As we age, it’s normal to become a bit more forgetful, taking longer to recall names or to find car keys, for example. "Like our bodies, our minds naturally age and if your memory isn’t as sharp as it once was, this alone is not cause for concern,” said Dr. Malaika Stoll, senior medical director with Blue Shield of California.
Some people experience more serious memory issues, and this can be a sign of dementia. One in 10 people over 65 have dementia, and one in three people over 85 have it according to a new Columbia University study. There are several types of dementia, the most common of which is Alzheimer’s disease. In California, Alzheimer’s disease was the third leading cause of death in 2018, according to a state Department of Public Health report, and that figure is expected to double in the next few decades due to the population getting older.
“Sometimes, knowing the difference between normal forgetfulness and more serious memory loss can be challenging,” says Dr. Stoll. “If you or a loved one is having trouble remembering what was just said, can’t do routine tasks such as paying bills, or can’t remember an immediate family member’s name, these are concerns that should be discussed with a doctor,” she said. One reason to see a doctor is that there are some treatable conditions that can cause memory issues, such as thyroid disease, vitamin deficiency, high blood pressure, and hormonal changes. Also, certain medications can impair memory and your doctor can help you avoid these.
Although we have yet to identify a surefire way to prevent dementia, studies suggest that a healthy diet and exercise help.
“A heart-healthy lifestyle is also a brain-healthy lifestyle,” Stoll said. ”Regular exercise and good eating habits reduce the risk of dementia, heart disease, and other chronic diseases such as diabetes.”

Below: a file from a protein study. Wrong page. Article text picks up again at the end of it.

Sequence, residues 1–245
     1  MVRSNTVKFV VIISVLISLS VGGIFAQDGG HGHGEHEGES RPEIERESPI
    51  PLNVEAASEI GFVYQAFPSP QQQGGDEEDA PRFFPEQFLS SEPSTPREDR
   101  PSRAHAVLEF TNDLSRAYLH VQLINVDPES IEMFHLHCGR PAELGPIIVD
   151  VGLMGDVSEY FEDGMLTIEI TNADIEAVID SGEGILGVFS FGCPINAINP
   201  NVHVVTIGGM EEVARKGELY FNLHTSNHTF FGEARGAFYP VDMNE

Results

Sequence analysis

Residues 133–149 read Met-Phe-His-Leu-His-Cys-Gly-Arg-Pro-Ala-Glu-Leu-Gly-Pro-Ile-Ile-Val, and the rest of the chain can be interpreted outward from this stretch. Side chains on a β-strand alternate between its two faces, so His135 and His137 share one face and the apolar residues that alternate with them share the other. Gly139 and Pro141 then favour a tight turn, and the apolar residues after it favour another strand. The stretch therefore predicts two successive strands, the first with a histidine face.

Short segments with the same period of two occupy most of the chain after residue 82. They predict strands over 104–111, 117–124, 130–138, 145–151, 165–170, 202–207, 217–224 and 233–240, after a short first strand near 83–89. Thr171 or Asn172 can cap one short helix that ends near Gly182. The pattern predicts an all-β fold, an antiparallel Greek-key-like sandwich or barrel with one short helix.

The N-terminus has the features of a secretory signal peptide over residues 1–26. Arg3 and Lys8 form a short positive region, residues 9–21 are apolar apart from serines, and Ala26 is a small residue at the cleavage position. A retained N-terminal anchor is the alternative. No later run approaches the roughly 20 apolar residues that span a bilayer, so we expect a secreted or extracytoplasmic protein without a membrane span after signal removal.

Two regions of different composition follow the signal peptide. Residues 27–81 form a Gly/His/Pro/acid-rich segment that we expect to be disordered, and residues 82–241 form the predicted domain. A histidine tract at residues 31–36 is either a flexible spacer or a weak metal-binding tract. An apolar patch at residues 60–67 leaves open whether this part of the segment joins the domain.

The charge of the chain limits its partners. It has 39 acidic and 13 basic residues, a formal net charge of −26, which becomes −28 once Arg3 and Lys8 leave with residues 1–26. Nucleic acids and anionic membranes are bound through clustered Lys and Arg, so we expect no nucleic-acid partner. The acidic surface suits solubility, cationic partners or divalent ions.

“The approach that’s recommended for heart, brain, and overall health is called the Mediterranean diet,” she said. This largely plant-based diet includes lots of fruits and vegetables, whole grains and beans, fish/seafood, and olive oil instead of butter and other saturated fats. Also included are moderate amounts of poultry and low-fat dairy. On the other hand, red meat and sugary and processed foods should be limited.
The MIND diet, formulated specifically for brain health, is similar to the Mediterranean diet but emphasizes leafy greens and berries.
If you drink alcohol, stick to the guidelines for moderate consumption. These guidelines generally allow up to one drink per day for women and two for men. There is some evidence that one glass of red wine a day could reduce Alzheimer’s risk; it’s actually part of the Mediterranean diet. But heavy drinking, especially binge drinking, is dangerous for your heart and mind. Smoking also increases the risk of developing dementia along with numerous other diseases and should be avoided.
The recommendation is at least 150 minutes of moderate exercise a week. A brisk 30-minute walk five times a week is a routine that works for many. “Swimming, going to the gym, jogging, dancing, anything that gets you moving is great,” Stoll said. In addition to aerobic workouts, some studies have shown yoga and meditation to be helpful. Low-impact workouts such as Pilates can also help with strength and balance.
Some risk factors for dementia are harder to address, such as the genes we inherit and the environments we may have been exposed to. “Whether an individual gets dementia depends on a complicated interface between genes and environment,” Dr. Stoll said. “If you have Alzheimer’s in your family, that doesn’t mean you are going to get it. It's best to focus on what we can control and modify.”
Seniors enrolled in certain Blue Shield of California Medicare Advantage and Medicare Supplement plans can enroll in Silver Sneakers. This free program, sponsored by Medicare, provides no-cost memberships at participating gyms across the country as well as live and on-demand virtual classes you can do from home. To see if you’re eligible, click here.
Because dementia can be devastating and costly for patients and their families, it’s never too early to take steps that could reduce the risk or severity of this debilitating disease.